A Report on the Future of MIT Education

Last week, a specially-constituted task force released its final report on the future of MIT Education. Only the 4th such report in its 153-year history, the report comes at a crucial juncture, when “higher education is at an inflection point”.

The taskforce does not suggest any radical overhaul.  The tone of the report is to suggest and encourage ‘bold’ experimentation within the existing framework. And as reports and recommendations go, it predictably leaves out nothing – blended learning, gamification, flipped classrooms etc – all the buzzwords are here.

Still the report is worth a read, if at all to get a sense of how a top-notch institution, renowned throughout the world, is finetuning its strategy for the post-MOOC world.  Wish one would see something similar at the IITs who more than ever need to reinvent themselves.

Here is what I found interesting from the report

1) The Course is Dead! – The traditional 3-or-4 credit course is clearly on the decline thanks to increasing digitization in education. Just as digitization / itunes unbundled songs from the CD, we are seeing a parallel trend in education where courses are getting modularized – broken down into “learning units or modules which can be studied in sequence or separately”. Modules are faster to create, and could be “reused as a foundation across a variety of disciplines” and across institutions. To enable this, the report advises establishment of a module repository, “enabling students and educators to identify and utilize the modules that best meet their needs.”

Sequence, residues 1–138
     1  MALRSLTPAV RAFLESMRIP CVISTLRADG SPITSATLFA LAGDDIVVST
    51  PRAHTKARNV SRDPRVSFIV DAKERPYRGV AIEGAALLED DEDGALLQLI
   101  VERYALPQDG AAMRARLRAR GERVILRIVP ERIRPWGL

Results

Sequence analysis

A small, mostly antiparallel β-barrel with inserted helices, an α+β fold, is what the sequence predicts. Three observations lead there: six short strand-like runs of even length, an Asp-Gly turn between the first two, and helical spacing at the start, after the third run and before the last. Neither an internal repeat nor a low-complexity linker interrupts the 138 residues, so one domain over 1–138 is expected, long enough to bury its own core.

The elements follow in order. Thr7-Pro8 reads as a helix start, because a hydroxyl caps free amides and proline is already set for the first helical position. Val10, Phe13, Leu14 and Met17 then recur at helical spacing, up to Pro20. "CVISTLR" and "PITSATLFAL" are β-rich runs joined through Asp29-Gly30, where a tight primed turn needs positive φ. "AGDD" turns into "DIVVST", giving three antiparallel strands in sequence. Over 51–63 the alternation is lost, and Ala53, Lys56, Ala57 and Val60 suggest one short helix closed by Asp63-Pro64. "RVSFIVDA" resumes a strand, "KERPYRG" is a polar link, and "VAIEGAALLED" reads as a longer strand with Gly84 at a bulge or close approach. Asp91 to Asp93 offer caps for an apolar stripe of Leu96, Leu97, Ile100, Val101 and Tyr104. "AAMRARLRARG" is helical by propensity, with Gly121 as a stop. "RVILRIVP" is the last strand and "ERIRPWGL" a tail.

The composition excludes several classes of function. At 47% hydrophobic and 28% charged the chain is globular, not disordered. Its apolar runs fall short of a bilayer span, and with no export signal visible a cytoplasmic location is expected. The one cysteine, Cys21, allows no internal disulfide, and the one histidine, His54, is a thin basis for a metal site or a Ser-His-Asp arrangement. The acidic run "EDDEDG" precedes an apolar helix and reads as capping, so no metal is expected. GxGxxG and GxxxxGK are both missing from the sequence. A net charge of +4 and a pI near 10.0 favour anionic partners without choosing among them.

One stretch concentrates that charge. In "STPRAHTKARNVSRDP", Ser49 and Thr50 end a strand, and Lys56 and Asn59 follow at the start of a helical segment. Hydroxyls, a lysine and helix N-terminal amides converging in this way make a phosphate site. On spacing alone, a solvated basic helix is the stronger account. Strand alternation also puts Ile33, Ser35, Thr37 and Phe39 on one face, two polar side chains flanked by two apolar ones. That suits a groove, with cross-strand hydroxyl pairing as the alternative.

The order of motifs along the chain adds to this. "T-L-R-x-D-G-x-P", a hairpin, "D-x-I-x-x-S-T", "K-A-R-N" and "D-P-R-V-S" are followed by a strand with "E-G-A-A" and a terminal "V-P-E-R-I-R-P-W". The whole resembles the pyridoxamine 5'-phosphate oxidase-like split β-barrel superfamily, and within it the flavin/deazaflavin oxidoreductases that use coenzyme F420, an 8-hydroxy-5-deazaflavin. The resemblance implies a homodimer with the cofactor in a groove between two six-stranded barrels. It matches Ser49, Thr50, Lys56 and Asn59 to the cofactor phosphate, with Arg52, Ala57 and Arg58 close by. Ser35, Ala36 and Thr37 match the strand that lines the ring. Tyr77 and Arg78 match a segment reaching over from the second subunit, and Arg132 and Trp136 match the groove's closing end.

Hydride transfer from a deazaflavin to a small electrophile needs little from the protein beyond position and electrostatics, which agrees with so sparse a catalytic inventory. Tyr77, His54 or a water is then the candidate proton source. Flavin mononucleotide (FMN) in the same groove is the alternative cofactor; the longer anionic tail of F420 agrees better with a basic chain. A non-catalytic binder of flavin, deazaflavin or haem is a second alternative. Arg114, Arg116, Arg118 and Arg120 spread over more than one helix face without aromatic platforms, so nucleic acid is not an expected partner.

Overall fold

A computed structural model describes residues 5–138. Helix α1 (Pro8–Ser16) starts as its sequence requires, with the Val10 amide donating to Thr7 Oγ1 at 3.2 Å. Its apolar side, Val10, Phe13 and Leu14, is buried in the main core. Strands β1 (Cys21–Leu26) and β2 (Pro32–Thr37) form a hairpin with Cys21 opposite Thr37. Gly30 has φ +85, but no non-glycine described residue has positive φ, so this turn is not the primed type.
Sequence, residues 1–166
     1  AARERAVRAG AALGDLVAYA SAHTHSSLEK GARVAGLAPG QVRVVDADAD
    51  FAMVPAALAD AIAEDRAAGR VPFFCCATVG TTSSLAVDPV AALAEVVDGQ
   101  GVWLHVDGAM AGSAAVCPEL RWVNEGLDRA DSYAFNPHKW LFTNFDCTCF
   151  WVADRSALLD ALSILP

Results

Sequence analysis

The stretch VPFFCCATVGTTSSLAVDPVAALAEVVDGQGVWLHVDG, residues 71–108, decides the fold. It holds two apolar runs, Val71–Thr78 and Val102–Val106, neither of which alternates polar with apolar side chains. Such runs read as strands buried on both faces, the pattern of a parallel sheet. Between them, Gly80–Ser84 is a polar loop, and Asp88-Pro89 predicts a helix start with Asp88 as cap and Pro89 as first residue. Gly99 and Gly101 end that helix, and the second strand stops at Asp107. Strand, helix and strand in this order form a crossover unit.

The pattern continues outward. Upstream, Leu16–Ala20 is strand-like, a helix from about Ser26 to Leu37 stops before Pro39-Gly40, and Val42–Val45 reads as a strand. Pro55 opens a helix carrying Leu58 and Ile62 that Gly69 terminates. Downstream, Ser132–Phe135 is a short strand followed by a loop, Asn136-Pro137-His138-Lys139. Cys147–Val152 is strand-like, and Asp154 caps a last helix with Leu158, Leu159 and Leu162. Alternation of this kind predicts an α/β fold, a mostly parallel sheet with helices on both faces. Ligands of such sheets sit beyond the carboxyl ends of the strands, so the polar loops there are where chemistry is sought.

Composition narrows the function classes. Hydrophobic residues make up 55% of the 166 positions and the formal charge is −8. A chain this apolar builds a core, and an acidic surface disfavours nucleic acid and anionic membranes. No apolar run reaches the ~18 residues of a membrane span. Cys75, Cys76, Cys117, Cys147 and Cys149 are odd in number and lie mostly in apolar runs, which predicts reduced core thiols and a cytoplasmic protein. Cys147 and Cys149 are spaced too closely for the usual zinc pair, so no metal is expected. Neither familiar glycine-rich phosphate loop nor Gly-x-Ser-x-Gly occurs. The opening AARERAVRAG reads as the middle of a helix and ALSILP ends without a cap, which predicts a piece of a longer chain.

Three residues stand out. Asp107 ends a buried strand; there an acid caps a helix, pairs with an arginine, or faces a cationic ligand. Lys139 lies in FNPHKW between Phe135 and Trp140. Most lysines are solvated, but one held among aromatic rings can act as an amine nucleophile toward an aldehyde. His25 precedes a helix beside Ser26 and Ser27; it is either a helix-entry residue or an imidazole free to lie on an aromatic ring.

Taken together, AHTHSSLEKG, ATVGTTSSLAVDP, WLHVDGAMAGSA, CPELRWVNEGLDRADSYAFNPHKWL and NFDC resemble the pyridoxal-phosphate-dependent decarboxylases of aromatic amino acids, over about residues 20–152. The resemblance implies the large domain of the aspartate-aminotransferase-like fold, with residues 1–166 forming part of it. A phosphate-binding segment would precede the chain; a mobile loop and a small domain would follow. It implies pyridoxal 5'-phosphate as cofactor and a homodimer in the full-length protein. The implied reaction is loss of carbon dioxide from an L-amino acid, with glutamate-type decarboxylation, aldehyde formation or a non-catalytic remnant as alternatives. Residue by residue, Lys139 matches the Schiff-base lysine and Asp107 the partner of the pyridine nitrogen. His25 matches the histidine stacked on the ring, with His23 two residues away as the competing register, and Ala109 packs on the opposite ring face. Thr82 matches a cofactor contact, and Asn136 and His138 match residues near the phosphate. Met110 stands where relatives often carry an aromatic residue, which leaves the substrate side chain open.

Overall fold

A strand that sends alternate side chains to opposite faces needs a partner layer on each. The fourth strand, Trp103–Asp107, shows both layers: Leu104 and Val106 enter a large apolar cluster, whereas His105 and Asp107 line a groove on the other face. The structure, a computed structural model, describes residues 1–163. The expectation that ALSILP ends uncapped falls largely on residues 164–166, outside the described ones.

Just as the course is getting impacted from one end by modularization, at the other end, it is getting impacted by rise of certification pathways. The task force urges each MIT department to think in terms of certification pathways, similar to the popular XSeries courses launched on edX, when developing content for online delivery. An XSeries course such as Foundations of Computer Science has seven modules (each roughly half of a regular MIT Course) that provides learning in areas ranging from Programming to Java to Digital Circuits, providing a solid basis for understanding computer science. Pinned between the XSeries certification pathways and the module, the course is suddenly persona non grata.